Invisible Work

Bilingualism, language choice and childrearing in intermarried families

| University of Cambridge
HardboundAvailable
ISBN 9789027218476 (Eur) | EUR 110.00
ISBN 9781588111067 (USA) | USD 165.00
 
e-Book
ISBN 9789027297655 | EUR 110.00 | USD 165.00
 
There is growing recognition that ‘context’ is important for bilingual language development, but understanding of that context remains underdeveloped. This innovative study, spanning the fields of bilingualism, ethnicity and family studies, shows how language use in intermarried families is deeply intertwined with the experience of everyday childrearing, in specific socio-historical contexts. This is why, despite good intentions, expert advice and effort, bilingual-child rearing often encounters difficulties. Conversely, drawing on in-depth interviews of twenty eight Japanese mother — British father families in the UK, the study uses a focus on language issues to portray actual childrearing dynamics and ‘situated ethnicity’ in intermarried families. Presenting a vivid picture of the ‘invisible work’ of mothers in these families, and how they attempt to resolve conflicting pressures and demands over childrearing, language and education, the author shows the importance of ‘recognition’ and shared responsibility. This book will interest researchers, practitioners and parents interested in bilingualism, ethnically diverse families and multicultural education.
Publishing status: Available
Table of Contents
List of figures and tables
vii
Acknowledgements
ix
1. Introduction
1–5
2. Developing a conceptual framework
7–37
3. Research methods
39–63
4. Japanese-British families in the UK: A survey
65–86
5. Initial language decision
87–107
6. Getting on: Adaptations in language use
109–135
7. Childrearing
137–160
8. Going to school
161–191
9. Family relationships, identity and ethnicity
193–218
10. Concluding discussion
219–233
Bibliography
235–250
Appendices
251–261
Index
263–274
“In this highly original study, Okita combines insights from studies of families, ethnicity, and bilingualism to examine the factors that promote or inhibit Japanese maintenance by the children of British fathers and Japanese mothers living in Britain. The result is a finely nuanced study that illustrates the difficulties of maintaining a minority language in a setting that provides few sources of institutional support. This volume is a valuable interdisciplinary examination of an understudied community and an important contribution to the study of childhood bilingualism and minority language maintenance and shift. This fine work of scholarship will be useful reading not only for researchers in first and second language acquisition and bilingualism but also for scholars in family studies, ethnic studies, and child development.”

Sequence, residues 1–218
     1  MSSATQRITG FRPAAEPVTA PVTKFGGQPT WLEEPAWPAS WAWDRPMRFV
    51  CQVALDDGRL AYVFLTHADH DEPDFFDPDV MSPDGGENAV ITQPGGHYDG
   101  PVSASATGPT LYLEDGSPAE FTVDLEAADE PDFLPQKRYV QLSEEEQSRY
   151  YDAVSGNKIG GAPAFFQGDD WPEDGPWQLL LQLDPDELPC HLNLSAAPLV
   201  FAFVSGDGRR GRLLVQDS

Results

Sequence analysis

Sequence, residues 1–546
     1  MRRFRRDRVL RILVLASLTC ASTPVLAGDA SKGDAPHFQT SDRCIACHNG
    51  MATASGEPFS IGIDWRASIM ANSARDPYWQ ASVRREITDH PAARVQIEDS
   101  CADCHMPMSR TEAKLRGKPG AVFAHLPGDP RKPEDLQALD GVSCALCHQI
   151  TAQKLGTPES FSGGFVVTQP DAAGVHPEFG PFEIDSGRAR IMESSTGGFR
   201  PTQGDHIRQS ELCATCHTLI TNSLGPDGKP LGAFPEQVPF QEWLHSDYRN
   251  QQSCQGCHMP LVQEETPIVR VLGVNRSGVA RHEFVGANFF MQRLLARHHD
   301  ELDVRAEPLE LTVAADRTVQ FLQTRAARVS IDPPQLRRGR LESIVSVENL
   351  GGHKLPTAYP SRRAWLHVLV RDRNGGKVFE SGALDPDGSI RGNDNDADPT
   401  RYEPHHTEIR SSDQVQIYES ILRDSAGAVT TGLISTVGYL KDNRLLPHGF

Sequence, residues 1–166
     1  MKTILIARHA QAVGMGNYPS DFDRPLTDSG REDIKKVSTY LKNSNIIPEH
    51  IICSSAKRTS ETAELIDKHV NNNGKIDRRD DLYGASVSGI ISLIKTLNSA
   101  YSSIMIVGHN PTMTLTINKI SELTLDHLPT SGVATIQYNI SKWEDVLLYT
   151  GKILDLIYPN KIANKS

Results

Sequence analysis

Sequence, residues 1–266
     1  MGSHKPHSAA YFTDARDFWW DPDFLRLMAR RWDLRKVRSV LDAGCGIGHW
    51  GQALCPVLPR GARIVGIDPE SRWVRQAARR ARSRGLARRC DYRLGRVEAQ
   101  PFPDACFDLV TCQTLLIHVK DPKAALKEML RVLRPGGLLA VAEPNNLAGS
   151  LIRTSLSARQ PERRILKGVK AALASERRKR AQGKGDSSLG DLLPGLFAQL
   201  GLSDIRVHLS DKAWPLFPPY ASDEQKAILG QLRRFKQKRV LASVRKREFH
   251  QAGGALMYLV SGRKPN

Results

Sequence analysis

“This book testifies to the merits of interdisciplinary work. With its bases in family studies and ethnic studies, along with the sociolinguistic literature on childhood bilingualism, it is able to elucidate the context in which language choices are made in a depth that has, to the best of my knowledge, never before been achieved in the literature on childhood bilingualism. It is a must-read for anyone involved in childhood bilingualism as a researcher or practitioner. It is also an important contribution to the emergent field of gender and bilingualism research.”
“Okita's study is significant in several respects. First, the rich qualitative data including the participants' vivid life story accounts, occasional observations, reflections on mistakes and failures, bring important insight into the inner world of parents involved into bilingual child-rearing practices. Second, the study is an important step towards the creation of a cohesive cross-disciplinary theoretical framework for sociolinguistic analysis of parents' efforts to manage complicated bilingual practices and to transmit a minority language to the next generation. Finally, Okita's Invisible Work makes the time-consuming and emotionally demanding work of bilingual child-rearing more visible by illuminating pressures and dilemmas that often escape researchers' attention.”
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Subjects
BIC Subject: CF – Linguistics
BISAC Subject: LAN009000 – LANGUAGE ARTS & DISCIPLINES / Linguistics / General
U.S. Library of Congress Control Number:  2001043201